The first step in any design project is researching an idea, but sometimes this step can be really difficult. Once you know a few simple tricks, having all the information on hand
After establishing the brief and figuring out exactly what the client is after, it’s time to do some heavy duty research to establish our proposal for the client. Researching an idea is how we make sure that we’re creating not only a good, viable solution for the client, but also something new and creative that will contribute to the online community, rather than just copying someone else work.
Where to Start
The easiest way to begin this process is a simple Google search. For our client, we’re looking for websites that talk about Melbourne, specifically the theatres in the city. Trying keywords like “Melbourne” or “Melbourne Theatres” will get us some solid results, and we can see not only which theatres are in Melbourne, but what websites talking about them look like. Don’t just limit your results to the first page of Google though, and throw in different keywords to find a complete overview of results.
Google also has a nifty autocomplete function, and this can give us some insight into how users are searching and what keywords we should focus on.
Researching an Idea
In our search, we’re looking for a few different things. We need to know information for the site, how other sites are presenting it, and what users are actually looking for. Google is great for this information, as they have a dedicated focus on presenting information. In fact, my initial search for “Melbourne Theatres” triggered this handy little callout at the top of my results.
Thankfully, this client has chosen a project with lots of information. We can create a long list of options for our client to chose from.
Researching an idea also involves beginning to look at the design of the project. For our website, pages like Melbourne City Council, Melbourne Tourism and even Wikipedia are all great places to start. It can help to have all these sites open next to each other, and compare and contrast them to find a balance and direction for our own design. Write down your thoughts! There’s nothing worse than having a brainwave and not remembering it later.
Looking at sites like this brings obvious similarities and differences to our attention. Look at how information is presented, the colours used and the size and spacing of elements. If there’s a comments section, read through it to get a better idea of what users are actually looking for! There’s not much point to a site that doesn’t present useful information.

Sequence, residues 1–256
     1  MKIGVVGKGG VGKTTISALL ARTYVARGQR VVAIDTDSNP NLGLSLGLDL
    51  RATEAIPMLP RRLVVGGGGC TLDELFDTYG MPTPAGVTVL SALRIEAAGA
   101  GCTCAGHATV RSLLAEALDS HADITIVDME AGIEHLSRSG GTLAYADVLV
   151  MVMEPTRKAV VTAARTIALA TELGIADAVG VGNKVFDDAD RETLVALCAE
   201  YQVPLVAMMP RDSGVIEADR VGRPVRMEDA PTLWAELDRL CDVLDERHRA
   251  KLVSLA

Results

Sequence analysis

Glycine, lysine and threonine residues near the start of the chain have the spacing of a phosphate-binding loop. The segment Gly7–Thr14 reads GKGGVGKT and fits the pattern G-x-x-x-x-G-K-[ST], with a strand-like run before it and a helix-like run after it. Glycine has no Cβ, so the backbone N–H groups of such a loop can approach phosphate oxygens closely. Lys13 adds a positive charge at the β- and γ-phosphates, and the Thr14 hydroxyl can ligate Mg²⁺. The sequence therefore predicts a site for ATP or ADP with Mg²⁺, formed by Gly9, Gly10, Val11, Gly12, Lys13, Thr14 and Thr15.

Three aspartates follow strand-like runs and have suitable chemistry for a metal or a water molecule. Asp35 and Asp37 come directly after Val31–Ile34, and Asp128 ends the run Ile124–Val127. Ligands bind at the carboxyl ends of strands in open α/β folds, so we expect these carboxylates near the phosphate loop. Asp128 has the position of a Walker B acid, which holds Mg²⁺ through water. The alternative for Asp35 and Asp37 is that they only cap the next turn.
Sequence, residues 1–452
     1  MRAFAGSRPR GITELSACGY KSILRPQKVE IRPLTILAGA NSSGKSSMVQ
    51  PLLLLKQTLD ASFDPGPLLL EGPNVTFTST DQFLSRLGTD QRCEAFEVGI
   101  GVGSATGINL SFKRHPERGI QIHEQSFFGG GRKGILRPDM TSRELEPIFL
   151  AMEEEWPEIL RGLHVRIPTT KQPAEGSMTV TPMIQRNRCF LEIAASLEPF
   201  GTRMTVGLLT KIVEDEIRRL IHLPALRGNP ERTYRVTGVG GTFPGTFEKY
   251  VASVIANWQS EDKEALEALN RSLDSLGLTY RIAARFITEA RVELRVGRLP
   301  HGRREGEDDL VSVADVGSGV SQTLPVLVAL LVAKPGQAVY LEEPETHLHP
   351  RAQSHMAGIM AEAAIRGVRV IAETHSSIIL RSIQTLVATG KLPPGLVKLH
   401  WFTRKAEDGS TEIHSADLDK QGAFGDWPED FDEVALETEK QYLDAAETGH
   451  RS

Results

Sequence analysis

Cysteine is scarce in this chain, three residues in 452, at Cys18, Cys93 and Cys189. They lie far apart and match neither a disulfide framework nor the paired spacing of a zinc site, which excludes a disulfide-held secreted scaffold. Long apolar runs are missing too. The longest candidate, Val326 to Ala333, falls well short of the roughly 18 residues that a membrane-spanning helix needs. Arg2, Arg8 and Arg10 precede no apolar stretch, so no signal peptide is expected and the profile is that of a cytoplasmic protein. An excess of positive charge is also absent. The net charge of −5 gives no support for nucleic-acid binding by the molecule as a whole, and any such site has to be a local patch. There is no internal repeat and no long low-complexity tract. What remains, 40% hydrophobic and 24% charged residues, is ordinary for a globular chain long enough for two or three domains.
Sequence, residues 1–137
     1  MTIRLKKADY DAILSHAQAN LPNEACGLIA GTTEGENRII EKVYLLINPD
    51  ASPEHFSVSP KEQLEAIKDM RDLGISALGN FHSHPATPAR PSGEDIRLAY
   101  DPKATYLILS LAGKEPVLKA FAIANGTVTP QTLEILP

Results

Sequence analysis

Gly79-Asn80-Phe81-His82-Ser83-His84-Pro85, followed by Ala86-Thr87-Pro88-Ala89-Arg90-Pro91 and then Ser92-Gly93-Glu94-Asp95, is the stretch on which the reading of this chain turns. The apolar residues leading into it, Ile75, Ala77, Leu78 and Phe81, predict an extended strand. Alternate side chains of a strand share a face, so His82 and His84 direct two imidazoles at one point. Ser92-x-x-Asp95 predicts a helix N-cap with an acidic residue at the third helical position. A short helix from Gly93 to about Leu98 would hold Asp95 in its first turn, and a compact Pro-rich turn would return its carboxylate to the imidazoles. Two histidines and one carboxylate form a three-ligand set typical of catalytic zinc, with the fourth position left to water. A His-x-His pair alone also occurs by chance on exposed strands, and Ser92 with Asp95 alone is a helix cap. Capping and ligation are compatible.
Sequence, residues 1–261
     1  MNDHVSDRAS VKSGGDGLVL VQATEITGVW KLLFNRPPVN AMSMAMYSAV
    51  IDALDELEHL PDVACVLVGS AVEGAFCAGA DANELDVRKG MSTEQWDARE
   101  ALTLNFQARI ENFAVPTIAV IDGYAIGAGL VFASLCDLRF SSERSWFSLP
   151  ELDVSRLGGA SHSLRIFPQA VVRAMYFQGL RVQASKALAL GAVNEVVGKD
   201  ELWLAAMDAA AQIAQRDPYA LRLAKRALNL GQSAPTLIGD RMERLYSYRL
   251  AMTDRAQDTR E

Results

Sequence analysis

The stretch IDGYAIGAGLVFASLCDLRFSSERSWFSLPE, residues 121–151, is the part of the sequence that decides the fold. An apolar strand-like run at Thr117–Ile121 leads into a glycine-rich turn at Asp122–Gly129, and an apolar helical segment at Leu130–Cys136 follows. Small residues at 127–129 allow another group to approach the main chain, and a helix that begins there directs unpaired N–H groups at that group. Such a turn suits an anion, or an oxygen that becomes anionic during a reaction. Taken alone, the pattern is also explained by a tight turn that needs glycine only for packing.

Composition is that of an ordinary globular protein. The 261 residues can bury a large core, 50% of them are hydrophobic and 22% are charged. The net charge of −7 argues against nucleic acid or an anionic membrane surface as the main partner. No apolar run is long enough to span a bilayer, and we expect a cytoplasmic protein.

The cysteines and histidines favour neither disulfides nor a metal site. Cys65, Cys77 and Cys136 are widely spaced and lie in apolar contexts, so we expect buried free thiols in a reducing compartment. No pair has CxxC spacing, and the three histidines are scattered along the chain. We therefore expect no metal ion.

Research isn’t just reserved to searching for things on the internet. You could also go into the community and conduct a survey. Looking at different user groups will also help to create a more well-rounded picture of who is using our product. Ask thoughtful questions, and listen to the comments between their responses. The questions you ask will have some bias towards your own ideas and expectations. The answers you receive, and the throwaway comments between them, will tell you so much more.
Forums and online groups are also a useful place to both ask questions or read through previous questions. It might help to narrow down a broad topic to a smaller, but more ask about, idea. Researching an idea is about throwing out our own assumptions and looking at what is actually wanted and needed.
Summing up our findings
You may want to be really in-depth with your research, or you may only need a quick glance at the surface of what’s being presented. In researching an idea about Melbourne theatres, it seems that the top sites on Google have a lot of similarities. They tend to present information as a list, with a little bit of historical data and a link to the current show. Images don’t seem to have been as important, which will help our site to stand out. The client expressed an interest in night-photography, but the featured images on Google have been taken at a variety of different times. This will be something to consider during our proposal.
Any research you conduct will also be helpful in the client proposal. While most of this should focus on the direction we see the project taking, it’s important the client understands both how we decided on this direction, as well as what the current market looks like. A good client will have already conducted some of their own research, but it’s good practice to show that we also care deeply enough about the issue that we’re willing to invest our time in every aspect.
Research could be presented in a number of ways. I included some screenshots of current sights, but we could also include elements like target audience, demographics, feel, and uses. It might also be nice to show common graphic or UI (user interface) elements. Think of researching like creating a mood board of knowledge!